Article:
The robot has a skeletal frame, usually made of steel for support, and a foam rubber or silicone skin. Latex is a popular option for masks and facial prosthetics.
Motion modeling involves the use of pneumatic actuators for small movements and hydraulics for larger designs.
Animatronics has found a way to celluloid, the most famous being the recreation of dinosaurs from Jurassic Park without the use of entirely CGI.
Robotic Arms in Manufacturing
Robotic arms have found limitless potential in manufacturing. Industrial production relies heavily on scalability and standardization within the least possible time.
Hence, it involves performing highly labor-intensive and repetitive work without compromising on precision or quality.
Designing the appropriate robotic arm for the right purpose forms the first step of automation in manufacturing.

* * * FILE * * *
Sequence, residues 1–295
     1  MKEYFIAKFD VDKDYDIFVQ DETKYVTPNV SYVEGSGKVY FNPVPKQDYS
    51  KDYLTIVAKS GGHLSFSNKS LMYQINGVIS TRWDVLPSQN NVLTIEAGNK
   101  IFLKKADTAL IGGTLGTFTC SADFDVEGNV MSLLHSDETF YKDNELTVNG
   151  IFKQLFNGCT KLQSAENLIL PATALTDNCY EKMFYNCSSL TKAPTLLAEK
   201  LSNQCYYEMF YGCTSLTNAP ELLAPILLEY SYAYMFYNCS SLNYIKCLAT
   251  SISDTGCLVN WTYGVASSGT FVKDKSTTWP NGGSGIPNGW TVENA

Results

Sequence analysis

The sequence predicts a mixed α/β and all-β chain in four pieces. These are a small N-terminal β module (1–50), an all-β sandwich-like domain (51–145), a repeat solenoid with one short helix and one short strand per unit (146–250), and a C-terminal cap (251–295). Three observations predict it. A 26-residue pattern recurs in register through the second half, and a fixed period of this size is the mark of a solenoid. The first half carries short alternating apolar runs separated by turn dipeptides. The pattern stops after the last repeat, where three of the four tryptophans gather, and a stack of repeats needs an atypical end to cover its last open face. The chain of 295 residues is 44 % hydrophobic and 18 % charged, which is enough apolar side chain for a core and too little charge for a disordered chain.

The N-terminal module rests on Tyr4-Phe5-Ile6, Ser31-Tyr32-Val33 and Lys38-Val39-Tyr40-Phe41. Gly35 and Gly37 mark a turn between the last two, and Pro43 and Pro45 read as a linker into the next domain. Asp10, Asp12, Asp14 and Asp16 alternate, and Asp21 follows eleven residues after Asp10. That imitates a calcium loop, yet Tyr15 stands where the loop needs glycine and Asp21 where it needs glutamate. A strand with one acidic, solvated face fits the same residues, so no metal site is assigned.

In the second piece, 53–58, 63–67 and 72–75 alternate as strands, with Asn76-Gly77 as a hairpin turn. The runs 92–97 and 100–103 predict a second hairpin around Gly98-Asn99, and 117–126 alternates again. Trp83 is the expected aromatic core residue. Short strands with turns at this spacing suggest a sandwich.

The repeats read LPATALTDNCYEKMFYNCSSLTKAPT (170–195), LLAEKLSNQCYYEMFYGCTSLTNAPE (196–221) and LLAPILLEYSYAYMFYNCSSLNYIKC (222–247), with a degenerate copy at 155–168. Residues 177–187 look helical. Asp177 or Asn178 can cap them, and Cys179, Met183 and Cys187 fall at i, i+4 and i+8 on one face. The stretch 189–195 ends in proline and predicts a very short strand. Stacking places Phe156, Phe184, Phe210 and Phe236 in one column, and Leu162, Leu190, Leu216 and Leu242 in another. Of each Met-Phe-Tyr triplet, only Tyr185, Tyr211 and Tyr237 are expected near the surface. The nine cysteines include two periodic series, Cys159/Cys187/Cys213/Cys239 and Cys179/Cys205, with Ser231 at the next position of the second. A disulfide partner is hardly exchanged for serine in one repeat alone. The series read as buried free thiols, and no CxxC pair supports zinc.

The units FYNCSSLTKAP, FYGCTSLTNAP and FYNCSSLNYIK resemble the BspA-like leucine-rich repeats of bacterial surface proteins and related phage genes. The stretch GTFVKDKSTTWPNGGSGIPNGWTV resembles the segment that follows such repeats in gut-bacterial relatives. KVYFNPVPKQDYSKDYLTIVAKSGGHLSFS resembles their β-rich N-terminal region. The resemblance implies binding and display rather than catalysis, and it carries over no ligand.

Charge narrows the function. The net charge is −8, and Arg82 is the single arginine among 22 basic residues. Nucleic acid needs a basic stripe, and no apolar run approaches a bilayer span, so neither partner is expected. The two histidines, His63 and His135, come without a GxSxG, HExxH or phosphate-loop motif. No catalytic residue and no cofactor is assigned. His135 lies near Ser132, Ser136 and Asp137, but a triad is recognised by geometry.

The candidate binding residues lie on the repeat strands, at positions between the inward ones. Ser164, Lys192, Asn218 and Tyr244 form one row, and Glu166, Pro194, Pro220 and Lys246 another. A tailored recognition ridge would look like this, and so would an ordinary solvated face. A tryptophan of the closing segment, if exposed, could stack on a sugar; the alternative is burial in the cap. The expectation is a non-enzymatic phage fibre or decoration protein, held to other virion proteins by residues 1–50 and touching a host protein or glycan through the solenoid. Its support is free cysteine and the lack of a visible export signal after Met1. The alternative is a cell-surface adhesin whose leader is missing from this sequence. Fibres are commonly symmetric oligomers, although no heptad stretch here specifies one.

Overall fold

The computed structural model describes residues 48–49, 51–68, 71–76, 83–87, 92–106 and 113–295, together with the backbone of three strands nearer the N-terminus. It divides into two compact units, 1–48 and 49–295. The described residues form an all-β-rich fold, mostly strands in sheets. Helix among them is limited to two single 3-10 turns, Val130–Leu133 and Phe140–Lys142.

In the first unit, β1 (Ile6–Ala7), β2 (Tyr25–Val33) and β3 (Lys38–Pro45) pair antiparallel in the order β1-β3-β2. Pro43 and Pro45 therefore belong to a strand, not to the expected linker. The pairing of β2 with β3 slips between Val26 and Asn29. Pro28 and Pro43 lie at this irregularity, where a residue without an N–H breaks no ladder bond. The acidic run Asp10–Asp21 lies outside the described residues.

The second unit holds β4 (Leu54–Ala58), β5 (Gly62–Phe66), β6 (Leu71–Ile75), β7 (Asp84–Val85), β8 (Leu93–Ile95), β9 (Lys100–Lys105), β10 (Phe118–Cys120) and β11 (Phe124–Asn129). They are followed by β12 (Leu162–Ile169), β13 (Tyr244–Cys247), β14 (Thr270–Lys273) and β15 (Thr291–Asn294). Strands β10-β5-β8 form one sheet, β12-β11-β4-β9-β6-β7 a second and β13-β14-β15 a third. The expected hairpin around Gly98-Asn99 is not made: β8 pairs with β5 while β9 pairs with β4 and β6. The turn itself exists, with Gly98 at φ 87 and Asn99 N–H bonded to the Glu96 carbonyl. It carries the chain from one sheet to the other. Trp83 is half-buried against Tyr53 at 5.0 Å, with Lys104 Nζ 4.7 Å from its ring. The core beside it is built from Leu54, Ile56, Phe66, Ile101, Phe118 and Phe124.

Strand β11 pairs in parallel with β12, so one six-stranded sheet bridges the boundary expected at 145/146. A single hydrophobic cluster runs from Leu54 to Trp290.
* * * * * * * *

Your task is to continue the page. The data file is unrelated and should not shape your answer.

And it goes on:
It can be a mundane pick-and-place job such as on a conveyor belt; or, it may involve manufacturing intricate circuit boards, such as chipsets.
Here are the different facets to consider while designing a robotic arm for manufacturing –
- Load – Robotic arms can do the heavy lifting up to a fixed load capacity, which should exceed the weight of the payload involved in production.
- Speed – The automated task improves throughput significantly, but getting the speed and acceleration right becomes crucial when traversing long distances.
- Precision – It is essential for several sophisticated processes, but given its expense, bulk jobs may see it as overkill.
Apart from deciding the technical aspects, robotic arms in manufacturing are also subjected to rough environments and potential hazards.